SEOUL — When Afshin Ghotbi arrived in the United States a quarter-century ago, he had with him something that has carried him all the way to the semifinals of the World Cup.
It's called a love of the game, a passion for soccer that he acquired on the streets and playgrounds of his native Tehran.
Ghotbi was 13 when his family moved to California, and in all the years since, he has tried to instill that same love of soccer in youngsters in the U.S., first by playing alongside them and later by coaching them.
Ghotbi discovered and developed U.S. World Cup midfielder John O'Brien, now starting for Dutch powerhouse Ajax Amsterdam. Ghotbi discovered and developed U.S. Olympic team midfielder Peter Vagenas, now playing for the Galaxy.
Both came to the fore at the American Global Soccer School that Ghotbi founded in 1988 and is now run for him by former Galaxy defender Dan Calichman.
There have been other success stories, many of them, but none that strains the imagination as much as the story Ghotbi is helping to write here.
At 38, he has stumbled upon something that could revolutionize soccer worldwide. It's all stored in the laptop computer that almost never leaves his side.
That computer, along with the software within, has plucked Ghotbi out of his home in Rancho Santa Margarita and deposited him on the bench of one of the most successful teams in Korea/Japan '02.
Instead of watching the World Cup on television, the former Glendale High and UCLA player is right here in the thick of it, helping Coach Guus Hiddink make the decisions that have carried South Korea to the final four.
Ghotbi is one of 10 members of South Korea's technical staff, an assistant coach in fact if not in name. He is the team's "match analyst," a position new to soccer but likely to become increasingly prevalent.
While Ahn Jung-Hwan has been scoring goals, while Hong Myung-Bo has been making tackles and while Lee Woon-Jae has been producing saves--in short, while South Korea has been disposing of such European "powers" as Poland and Portugal, Italy and Spain--Ghotbi has kept his hard drive humming and clicking quietly in the background, providing the technological underpinning to Hiddink's Korean miracle.
Three things put Ghotbi in this position: a thorough knowledge of soccer, an engineering degree from UCLA and the expertise to understand and use a complicated but intriguing computer program.
He is on the cutting edge of the sport, right at its forward outpost, technologically speaking.
In Japan, a company is developing two-legged humanoid robots that will have the ability to play soccer. In a sense, what Ghotbi has inside his computer is an early version of a soccer brain for such robots. But it is being used to help real flesh-and-blood players, not science-fiction creations.
On a rainy Monday afternoon in Seoul, Ghotbi took time out to give a reporter a little insight into what he does.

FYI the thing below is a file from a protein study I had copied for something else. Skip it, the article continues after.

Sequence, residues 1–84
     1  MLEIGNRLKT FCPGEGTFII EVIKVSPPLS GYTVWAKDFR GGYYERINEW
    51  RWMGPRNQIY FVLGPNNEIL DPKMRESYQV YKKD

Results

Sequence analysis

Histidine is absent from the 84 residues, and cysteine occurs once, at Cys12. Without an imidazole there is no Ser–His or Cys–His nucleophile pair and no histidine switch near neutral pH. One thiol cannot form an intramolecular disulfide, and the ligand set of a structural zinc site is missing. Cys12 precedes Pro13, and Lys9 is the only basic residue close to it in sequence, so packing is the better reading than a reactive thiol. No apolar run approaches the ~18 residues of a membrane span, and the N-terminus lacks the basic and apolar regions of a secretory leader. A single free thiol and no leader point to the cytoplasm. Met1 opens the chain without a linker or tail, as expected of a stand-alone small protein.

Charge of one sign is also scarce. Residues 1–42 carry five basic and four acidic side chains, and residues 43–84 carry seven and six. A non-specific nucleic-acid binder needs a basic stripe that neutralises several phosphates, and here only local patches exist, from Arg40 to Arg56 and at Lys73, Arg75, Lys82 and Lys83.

He flipped open a laptop and began hitting keys. In rapid succession, graphics appeared, then videos. Before long, it was apparent that what Ghotbi had in hand was every byte of information on every World Cup team and player.
Not only in the form of charts and graphs but in full-color, full-screen video, capable of being manipulated in a dozen ways at the touch of a button and then projected onto a large screen for players and coaches to study.
Want to know what German striker Miroslav Klose will do on a corner kick from the right? Click here. Want to see how the Italian defense reacts when attacked up the middle? Click here. Want to learn how U.S. midfielder Claudio Reyna positions himself when taking a free kick from the left flank? Click here.
It's all there, an invaluable database that Ghotbi has compiled during the year and a half he has been working for Hiddink and South Korea.
His enthusiasm for his job and the software program, developed in Australia, is plain to see. So is the influence Hiddink and his Dutch assistants have had on Ghotbi. He speaks of football but he means soccer.
"What it does is allow you to digitize or bring in video images--from satellite, VHS tape, or a digital camera that you can use yourself," he said of the program. "You put [the images] in the hard drive in your computer and, as they are coming in, you code them.
"So you actually are like a football librarian, placing images in categories that you think are interesting or important to you.... Then later, when the coach wants to see any book, any chapter, any page, any sentence, any word, it's there.
"You can take the image and play it in slow motion, play it backwards, freeze it, and you can draw on it, print it, everything. It's brilliant."
Steve Sampson, former U.S. national team coach, sent Ghotbi down this technology trail four years ago, just before the France '98 World Cup, with a software program recommended to Sampson by Norway's coach, Egil Olsen.